## Abstract

The master probability equation captures the dynamic behavior of a variety of stochastic phenomena that can be modeled as Markov processes. Analytical solutions to the master equation are hard to come by though because they require the enumeration of all possible states and the determination of the transition probabilities between any two states. These two tasks quickly become intractable for all but the simplest of systems. Instead of determining how the probability distribution changes in time, we can express the master probability distribution as a function of its moments, and, we can then write transient equations for the probability distribution moments. In 1949, Moyal defined the derivative, or jump, moments of the master probability distribution. These are measures of the rate of change in the probability distribution moment values, i.e. what the impact is of any given transition between states on the moment values. In this paper we present a general scheme for deriving analytical moment equations for any N-dimensional Markov process as a function of the jump moments. Importantly, we propose a scheme to derive analytical expressions for the jump moments for any N-dimensional Markov process. To better illustrate the concepts, we focus on stochastic chemical kinetics models for which we derive analytical relations for jump moments of arbitrary order. Chemical kinetics models are widely used to capture the dynamic behavior of biological systems. The elements in the jump moment expressions are a function of the stoichiometric matrix and the reaction propensities, i.e. the probabilistic reaction rates. We use two toy examples, a linear and a non-linear set of reactions, to demonstrate the applicability and limitations of the scheme. Finally, we provide an estimate on the minimum number of moments necessary to obtain statistical significant data that would uniquely determine the dynamics of the underlying stochastic chemical kinetic system. The first two moments only provide limited information, especially when complex, non-linear dynamics are involved.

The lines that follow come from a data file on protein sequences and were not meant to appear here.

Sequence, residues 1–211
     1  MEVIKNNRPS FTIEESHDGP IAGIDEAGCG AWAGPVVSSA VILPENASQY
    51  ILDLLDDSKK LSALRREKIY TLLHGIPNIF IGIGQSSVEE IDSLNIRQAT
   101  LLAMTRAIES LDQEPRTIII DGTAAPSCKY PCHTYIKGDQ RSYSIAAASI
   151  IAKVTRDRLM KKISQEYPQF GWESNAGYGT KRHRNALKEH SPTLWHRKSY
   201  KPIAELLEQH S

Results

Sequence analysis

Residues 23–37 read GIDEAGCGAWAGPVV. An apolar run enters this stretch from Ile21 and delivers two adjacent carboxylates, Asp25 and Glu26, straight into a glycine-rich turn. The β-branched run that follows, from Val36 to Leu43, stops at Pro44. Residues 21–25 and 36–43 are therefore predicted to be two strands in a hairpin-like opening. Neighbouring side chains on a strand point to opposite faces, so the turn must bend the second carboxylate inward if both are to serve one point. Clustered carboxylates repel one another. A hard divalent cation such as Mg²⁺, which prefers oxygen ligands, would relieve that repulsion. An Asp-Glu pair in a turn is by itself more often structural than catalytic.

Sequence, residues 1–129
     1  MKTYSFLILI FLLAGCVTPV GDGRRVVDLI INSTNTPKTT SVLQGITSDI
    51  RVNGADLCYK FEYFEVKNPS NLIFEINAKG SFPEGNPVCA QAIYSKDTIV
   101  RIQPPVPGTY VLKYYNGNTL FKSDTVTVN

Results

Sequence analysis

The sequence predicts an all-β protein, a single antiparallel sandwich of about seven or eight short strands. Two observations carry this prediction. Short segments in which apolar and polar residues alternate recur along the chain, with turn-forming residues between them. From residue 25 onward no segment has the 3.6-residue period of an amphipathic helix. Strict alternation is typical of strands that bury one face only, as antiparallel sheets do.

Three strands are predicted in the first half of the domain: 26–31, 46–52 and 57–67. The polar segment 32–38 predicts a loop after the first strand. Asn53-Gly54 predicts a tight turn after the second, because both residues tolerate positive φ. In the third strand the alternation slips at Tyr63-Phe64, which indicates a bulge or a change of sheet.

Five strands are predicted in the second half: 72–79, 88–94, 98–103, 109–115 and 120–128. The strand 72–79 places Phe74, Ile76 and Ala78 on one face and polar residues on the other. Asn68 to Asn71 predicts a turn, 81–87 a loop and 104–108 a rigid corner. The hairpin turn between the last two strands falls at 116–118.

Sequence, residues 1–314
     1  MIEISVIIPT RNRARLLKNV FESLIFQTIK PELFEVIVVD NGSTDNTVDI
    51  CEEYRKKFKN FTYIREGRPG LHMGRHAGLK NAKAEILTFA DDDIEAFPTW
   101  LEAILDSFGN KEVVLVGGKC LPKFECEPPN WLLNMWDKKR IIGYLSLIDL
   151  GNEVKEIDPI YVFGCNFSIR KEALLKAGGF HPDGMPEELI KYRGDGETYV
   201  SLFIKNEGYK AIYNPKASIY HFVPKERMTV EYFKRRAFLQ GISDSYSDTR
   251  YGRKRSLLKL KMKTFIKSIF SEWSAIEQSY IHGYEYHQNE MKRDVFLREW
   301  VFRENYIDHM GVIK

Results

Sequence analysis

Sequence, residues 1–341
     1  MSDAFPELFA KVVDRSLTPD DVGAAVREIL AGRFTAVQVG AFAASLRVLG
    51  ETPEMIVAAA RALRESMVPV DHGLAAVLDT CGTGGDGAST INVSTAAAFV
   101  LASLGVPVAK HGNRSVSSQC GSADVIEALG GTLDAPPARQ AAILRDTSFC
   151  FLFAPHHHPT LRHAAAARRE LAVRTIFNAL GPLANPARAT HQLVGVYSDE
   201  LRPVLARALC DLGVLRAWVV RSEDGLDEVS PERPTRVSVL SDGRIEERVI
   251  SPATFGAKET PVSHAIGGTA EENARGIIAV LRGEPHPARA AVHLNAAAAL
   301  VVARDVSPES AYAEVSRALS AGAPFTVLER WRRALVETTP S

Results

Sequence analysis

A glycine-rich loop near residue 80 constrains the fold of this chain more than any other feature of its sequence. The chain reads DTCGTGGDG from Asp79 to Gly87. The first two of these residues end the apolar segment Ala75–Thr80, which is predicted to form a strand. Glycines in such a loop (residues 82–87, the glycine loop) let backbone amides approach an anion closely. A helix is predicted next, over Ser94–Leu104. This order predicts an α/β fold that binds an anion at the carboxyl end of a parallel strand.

Original language | English (US) |
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Pages (from-to) | 268-277 |

Number of pages | 10 |

Journal | Chemical Engineering Science |

Volume | 66 |

Issue number | 3 |

DOIs | |

State | Published - Feb 1 2011 |

### Bibliographical note

Funding Information:This work was supported by a Grant from the National Institutes of Health ( American Recovery and Reinvestment Act Grant GM086865 ), and Grants from the National Science Foundation ( CBET-0425882 and CBET-0644792 ). Computational support from the Minnesota Supercomputing Institute (MSI) is gratefully acknowledged. This work was also supported by the National Computational Science Alliance under TG-MCA04N033 .

## Keywords

- Computational chemistry
- Master equation
- Mathematical modelling
- Model reduction
- Multiscale models
- Statistical thermodynamics